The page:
“The Church of the Precious Blood stands as the center of the Monmouth Beach Community and its history reflects a wonderful spirit exhibited even to this day in the inhabitants of the community.” Fr. Bob Kaeding, Pastor
During the golden era of the North Jersey Shore when the Long Branch area was the summer home of seven US Presidents and the Patten Steamboat Line and the Central Railroad of New Jersey were established, Monmouth Beach became the summer home of affluent people.
There estates were large, and required staffing by 10 to 15 employees. In addition there were also two large hotels in the borough, the Monmouth Beach Club and the Green Inn, that entailed considerable staffing.
Many of these employees were Catholic, and there was no Catholic Church for them and their families in the Monmouth Beach. This necessitated a trip to the Star of the Sea R. C. Church in Long Branch for Mass and devotions. Subsequently, Monmouth Beach was made a Mission of Star of the Sea.
The employees longed for a church of their own, so each summer they joined with those few permanent residents of Monmouth Beach to raise funds through card parties, raffles and dances.
The property for a church site was donated to Rev. James A. McFaul, pastor of Star of the Sea, by John Maney, whose property adjoined it on Wesley Street.
Construction began and with the laying of the corner-stone, the Most Rev. Michael J. O’Farrell, Bishop of Trenton, dedicated Precious Blood Church on June 21, 1891. Along with the Church, a recreation hall was build on the property and was used during summer months for fund raising social events.
The church remained a mission of Star of the Sea until 1910, when Precious Blood Parish was established by the Most Rev. McFaul as Bishop of Trenton. In his position as pastor of Star of the Sea, The Rev. McFaul accepted the church site as a gift from Mr. Maney.
In 1913 and 1914 Monmouth Beach suffered severe damage from coastal storms, and many summer homes were damaged or destroyed. When Rev. William Tighe was transferred as church pastor to Atlantic Highlands, Precious Blood was ,made a mission of St. Dorothea’s. R. C. Church, Eatontown. The congregation dwindled, and since central heating was too costly to install, the church was closed for the winter.
Over the next decade the congregation grew in size again, and in the early 1930′s central heating was installed and the church opened year round.
Finally in 1946, the Most Rev. William A. Griffin reestablished Precious Blood Parish and assigned the Rev. Francis J. Dwyer as pastor. The church was to remain open year round to this day.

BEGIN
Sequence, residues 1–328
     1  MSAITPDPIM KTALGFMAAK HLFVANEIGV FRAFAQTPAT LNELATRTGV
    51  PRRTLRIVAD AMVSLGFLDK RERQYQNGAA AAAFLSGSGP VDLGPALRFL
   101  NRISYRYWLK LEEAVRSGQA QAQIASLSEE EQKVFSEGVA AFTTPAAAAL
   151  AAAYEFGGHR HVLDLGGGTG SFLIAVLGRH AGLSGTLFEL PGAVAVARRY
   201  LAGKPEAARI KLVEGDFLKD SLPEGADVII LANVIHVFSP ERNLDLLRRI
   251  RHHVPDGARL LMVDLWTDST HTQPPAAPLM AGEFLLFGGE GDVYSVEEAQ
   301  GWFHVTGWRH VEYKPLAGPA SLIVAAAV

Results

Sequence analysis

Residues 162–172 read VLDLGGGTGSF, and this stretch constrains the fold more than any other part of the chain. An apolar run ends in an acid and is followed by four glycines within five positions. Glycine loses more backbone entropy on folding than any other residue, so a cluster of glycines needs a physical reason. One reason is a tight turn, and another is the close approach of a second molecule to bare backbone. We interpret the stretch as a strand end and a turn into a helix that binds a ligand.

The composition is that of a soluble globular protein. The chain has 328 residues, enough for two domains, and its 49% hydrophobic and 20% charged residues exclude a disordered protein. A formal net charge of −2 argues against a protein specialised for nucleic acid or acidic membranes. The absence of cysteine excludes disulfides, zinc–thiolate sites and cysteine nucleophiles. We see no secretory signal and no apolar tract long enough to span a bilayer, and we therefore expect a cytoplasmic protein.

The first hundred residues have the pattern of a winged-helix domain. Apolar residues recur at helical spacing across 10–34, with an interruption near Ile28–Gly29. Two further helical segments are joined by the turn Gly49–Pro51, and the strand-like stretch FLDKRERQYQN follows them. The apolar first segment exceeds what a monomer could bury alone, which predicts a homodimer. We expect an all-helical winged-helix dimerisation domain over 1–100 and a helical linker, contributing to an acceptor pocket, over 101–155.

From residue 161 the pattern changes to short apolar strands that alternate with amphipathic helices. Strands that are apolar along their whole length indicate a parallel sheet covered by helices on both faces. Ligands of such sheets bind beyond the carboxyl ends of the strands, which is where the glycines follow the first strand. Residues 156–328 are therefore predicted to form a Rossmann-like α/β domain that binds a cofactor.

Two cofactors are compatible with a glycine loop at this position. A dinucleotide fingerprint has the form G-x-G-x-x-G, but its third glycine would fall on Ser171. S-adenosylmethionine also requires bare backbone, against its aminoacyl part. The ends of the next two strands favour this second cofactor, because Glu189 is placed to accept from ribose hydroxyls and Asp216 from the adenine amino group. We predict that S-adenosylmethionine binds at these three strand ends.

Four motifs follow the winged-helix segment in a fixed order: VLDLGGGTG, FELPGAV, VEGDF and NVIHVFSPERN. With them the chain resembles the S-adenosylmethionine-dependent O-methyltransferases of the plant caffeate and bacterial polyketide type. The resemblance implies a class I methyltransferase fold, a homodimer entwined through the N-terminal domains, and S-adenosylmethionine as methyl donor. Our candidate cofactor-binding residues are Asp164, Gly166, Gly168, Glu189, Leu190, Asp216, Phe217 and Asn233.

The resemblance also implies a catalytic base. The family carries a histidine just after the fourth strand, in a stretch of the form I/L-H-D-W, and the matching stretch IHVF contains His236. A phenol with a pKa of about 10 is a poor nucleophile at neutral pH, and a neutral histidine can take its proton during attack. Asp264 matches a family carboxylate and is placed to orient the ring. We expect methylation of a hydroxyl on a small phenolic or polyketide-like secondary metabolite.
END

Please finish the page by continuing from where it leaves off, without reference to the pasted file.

The Rev. Dwyer established the Burns Cottage at Riverdale and Griffin Street as his Rectory.
In 1952 Rev. Walter H. Green became pastor. He had the rectory built and purchased the property in the rear of the church from Mrs. Beatrice Ennis for future needs.
In the 1950′s the Port-au-Peck area of Oceanport and the northeast section of Long Branch were added to the growing parish.
About this time the Diocese had a pilot program of asking parishes without schools to establish a center for religious instruction. Pastor Msgr. Maurice P. Griffin had received permission to use the Borough Hall and public school for religious instruction as an interim measure, but ultimately agreement was reached with the Diocese on construction of a Catechetical Center.
In the midst of fund raising efforts, Rev. Griffin was transferred to another parish. When the Rev. Earl A. Gannon became pastor in the mid-1960′s he established a system of pledges and initiated regular Bingo games to raise funds. With the revenue generated, he was able to pay off the Center’s mortgage within a few years.
On Sunday, November 5, 1961, the Center was dedicated by Bishop Ahr as the first of its kind in the Diocese of Trenton.
It was during the tenure of Father Gannon’s successor, the Rev. Ronald Becker, that an interesting development occurred. The Rev. Robert Pearson, who had been associated with the St. James Episcopal Church in Long Branch, decided to convert to Catholicism. Father Becker continued the religious instruction that Father Gannon had begun, and in 1989 Father Pearson was granted authorization to begin saying Masses in the Church. He was reportedly one of only six to eight Episcopalian ministers who have converted to the Catholic faith.
The Rev. Kielb was appointed administrator of the parish on July 8, 1989, and became pastor on September 1, 1989. Fr. John served as pastor for twenty-one years.
In September, 2010, Bishop John M. Smith appointed Rev. Robert F. Kaeding as Parochial Vicar of the parish to assist Fr. John Kielb whose health was failing. In March, 2011, Bishop David O’Connell appointed Fr. Bob to be Pastor of The Church of The Precious Blood. He was installed formerly as pastor on July 16, 2011. As of July 1, 2011, a Parish Ministry Team was formed consisting of Fr. John J. Testa as Parochial Vicar, Mrs. Eileen Lang as Director of Religious Education, Mrs. Maire L. Merritt as Pastoral Associate with a focus on Parish Ministries and Nicola Merlucci as Director of Music Ministry.